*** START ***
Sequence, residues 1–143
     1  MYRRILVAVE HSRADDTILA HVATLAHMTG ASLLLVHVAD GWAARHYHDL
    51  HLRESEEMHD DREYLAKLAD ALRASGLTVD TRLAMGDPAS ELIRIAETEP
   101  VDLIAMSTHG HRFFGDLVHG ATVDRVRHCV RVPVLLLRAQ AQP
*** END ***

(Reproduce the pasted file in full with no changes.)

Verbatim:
Sequence, residues 1–143
     1  MYRRILVAVE HSRADDTILA HVATLAHMTG ASLLLVHVAD GWAARHYHDL
    51  HLRESEEMHD DREYLAKLAD ALRASGLTVD TRLAMGDPAS ELIRIAETEP
   101  VDLIAMSTHG HRFFGDLVHG ATVDRVRHCV RVPVLLLRAQ AQP